As Georgia seeks new investment from fast-growing emerging markets, the state shouldn’t forget its old friends across the Atlantic, European leaders said Thursday.

Diplomats, elected officials, economic developers and business leaders gathered in Athens for the Annual Georgia European Union Summit, a dinner event held each year to show appreciation for Georgia’s longstanding trade and business partners in Europe.

Dynamic countries like Brazil, China and India shouldn’t be ignored, but zeal for emerging markets shouldn’t blind business leaders to Europe’s current impact and future promise, said Chris Smith, a Macon attorney and the honorary consul for Denmark in Georgia. 

The so-called BRIC countries might start sending more business to Georgia in the not-too-distant future, but for now, European countries have a much larger economic footprint in the state.

“There are more Georgians working for Danish companies than there are working for Chinese companies. There are more Georgians working for Liechtenstein companies than for Russian companies,” said Mr. Smith, who helped found the summit, which is now in its 10th year.

Mr. Smith added that Swedish companies employ more people in Georgia than all of the BRIC countries combined. The top European investing nations in Georgia are the United Kingdom, France, the Netherlands and Germany, whose companies employ more people in the state than those from any other country.

Mr. Smith also noted that 60 percent of foreign investment in Georgia comes from Europe and that European companies tend to create high-paying, high-tech jobs and take a more proactive approach to exporting.

“I don’t think that people really understand the size and scope of the relationship,” he said.

German Consul General Lutz Görgens called the trans-Atlantic relationship the most important for both the U.S. and Europe, especially considering their strong historical, cultural and philosophical ties.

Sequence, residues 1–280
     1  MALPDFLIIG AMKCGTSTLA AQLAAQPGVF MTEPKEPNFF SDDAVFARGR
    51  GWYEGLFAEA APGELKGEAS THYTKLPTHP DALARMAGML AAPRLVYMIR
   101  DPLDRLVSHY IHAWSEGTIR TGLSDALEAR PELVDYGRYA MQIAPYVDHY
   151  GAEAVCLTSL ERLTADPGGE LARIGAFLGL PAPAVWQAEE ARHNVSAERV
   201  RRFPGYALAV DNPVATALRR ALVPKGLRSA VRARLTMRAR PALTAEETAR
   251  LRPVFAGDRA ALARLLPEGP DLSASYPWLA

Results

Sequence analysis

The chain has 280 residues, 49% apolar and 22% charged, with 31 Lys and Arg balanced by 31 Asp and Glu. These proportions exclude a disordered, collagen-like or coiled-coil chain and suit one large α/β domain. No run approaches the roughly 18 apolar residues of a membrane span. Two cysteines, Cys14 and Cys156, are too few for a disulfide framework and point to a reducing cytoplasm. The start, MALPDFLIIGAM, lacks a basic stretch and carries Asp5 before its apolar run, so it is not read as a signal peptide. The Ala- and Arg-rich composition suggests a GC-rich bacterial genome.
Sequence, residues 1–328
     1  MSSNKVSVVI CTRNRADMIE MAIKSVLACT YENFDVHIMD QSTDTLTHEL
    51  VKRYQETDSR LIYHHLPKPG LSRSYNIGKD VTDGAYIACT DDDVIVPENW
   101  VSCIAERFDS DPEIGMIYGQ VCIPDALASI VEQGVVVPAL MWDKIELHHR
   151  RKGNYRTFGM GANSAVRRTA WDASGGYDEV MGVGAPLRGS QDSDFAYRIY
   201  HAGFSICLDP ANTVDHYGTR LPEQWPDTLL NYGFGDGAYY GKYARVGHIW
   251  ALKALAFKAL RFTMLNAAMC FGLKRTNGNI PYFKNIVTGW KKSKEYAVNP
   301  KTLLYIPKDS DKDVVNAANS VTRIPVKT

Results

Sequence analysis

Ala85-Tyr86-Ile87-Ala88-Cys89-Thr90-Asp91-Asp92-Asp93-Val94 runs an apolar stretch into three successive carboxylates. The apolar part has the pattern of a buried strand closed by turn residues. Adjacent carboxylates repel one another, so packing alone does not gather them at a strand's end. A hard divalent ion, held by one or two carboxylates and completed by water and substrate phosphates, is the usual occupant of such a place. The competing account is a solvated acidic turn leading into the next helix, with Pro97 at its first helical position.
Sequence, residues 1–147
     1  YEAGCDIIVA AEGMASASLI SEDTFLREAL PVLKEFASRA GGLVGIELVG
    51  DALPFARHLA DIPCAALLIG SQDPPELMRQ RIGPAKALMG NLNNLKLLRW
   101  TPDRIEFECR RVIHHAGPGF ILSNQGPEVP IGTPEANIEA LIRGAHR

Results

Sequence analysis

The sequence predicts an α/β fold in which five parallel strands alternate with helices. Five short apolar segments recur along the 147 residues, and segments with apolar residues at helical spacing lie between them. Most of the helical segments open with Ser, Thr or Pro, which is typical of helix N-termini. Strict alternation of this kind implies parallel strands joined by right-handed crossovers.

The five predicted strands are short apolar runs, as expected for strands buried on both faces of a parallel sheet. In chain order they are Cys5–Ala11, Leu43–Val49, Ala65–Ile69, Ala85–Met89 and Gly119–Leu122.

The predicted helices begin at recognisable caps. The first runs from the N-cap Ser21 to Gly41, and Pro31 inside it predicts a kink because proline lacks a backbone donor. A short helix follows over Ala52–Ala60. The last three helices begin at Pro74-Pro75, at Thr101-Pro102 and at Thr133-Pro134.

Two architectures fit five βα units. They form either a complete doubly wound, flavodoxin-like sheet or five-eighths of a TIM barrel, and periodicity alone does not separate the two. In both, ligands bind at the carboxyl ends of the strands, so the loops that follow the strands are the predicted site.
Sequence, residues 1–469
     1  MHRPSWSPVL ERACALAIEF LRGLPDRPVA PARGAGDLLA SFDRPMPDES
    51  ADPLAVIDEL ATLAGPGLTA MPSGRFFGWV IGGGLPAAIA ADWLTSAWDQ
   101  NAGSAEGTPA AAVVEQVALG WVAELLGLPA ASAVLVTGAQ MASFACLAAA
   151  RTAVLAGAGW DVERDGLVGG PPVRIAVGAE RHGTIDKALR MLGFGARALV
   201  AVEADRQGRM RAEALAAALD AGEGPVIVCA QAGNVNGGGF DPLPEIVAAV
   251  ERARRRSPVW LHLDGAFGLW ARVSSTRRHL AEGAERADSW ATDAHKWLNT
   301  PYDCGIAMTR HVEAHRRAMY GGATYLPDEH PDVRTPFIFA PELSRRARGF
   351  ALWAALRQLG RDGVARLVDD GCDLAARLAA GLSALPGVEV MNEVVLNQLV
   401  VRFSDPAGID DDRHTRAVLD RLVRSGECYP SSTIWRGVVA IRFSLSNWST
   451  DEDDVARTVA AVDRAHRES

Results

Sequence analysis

He urged both sides to cooperate economically and to resist the temptation to put up trade barriers, possibly referring to the current global backlash over the Federal Reserve‘s decision to pump $600 billion into the U.S. Treasury.

Critics including Germany’s central bank head have said the move is aimed at weakening the dollar to promote American exports, making the U.S. guilty of the same currency manipulation for which it lectures China.

“We should not look for unilateral solutions, but we should neither pounce on our friends when they do something that we do not fully embrace yet,” Dr. Görgens said.

Athens Mayor Heidi Davison welcomed the group at the dinner, which was held in Athens for the first time.

“I think all of Athens is very much like a lot of Europe, and I think you’ll feel very comfortable here in that respect,” she said, noting the inherent value of travel and cultural exchange.

Diplomats on hand for the dinner included Mr. Smith, Dr. Görgens, George Novak, honorary consul general for the Czech Republic and Bruce Allen, honorary consul general for Liechtenstein.

For more information about the Annual Georgia European Union Summit, email Mr. Smith at

As managing editor of Global Atlanta, Trevor has spent 15+ years reporting on Atlanta’s ties with the world. An avid traveler, he has undertaken trips to 30+ countries to uncover stories on the perils...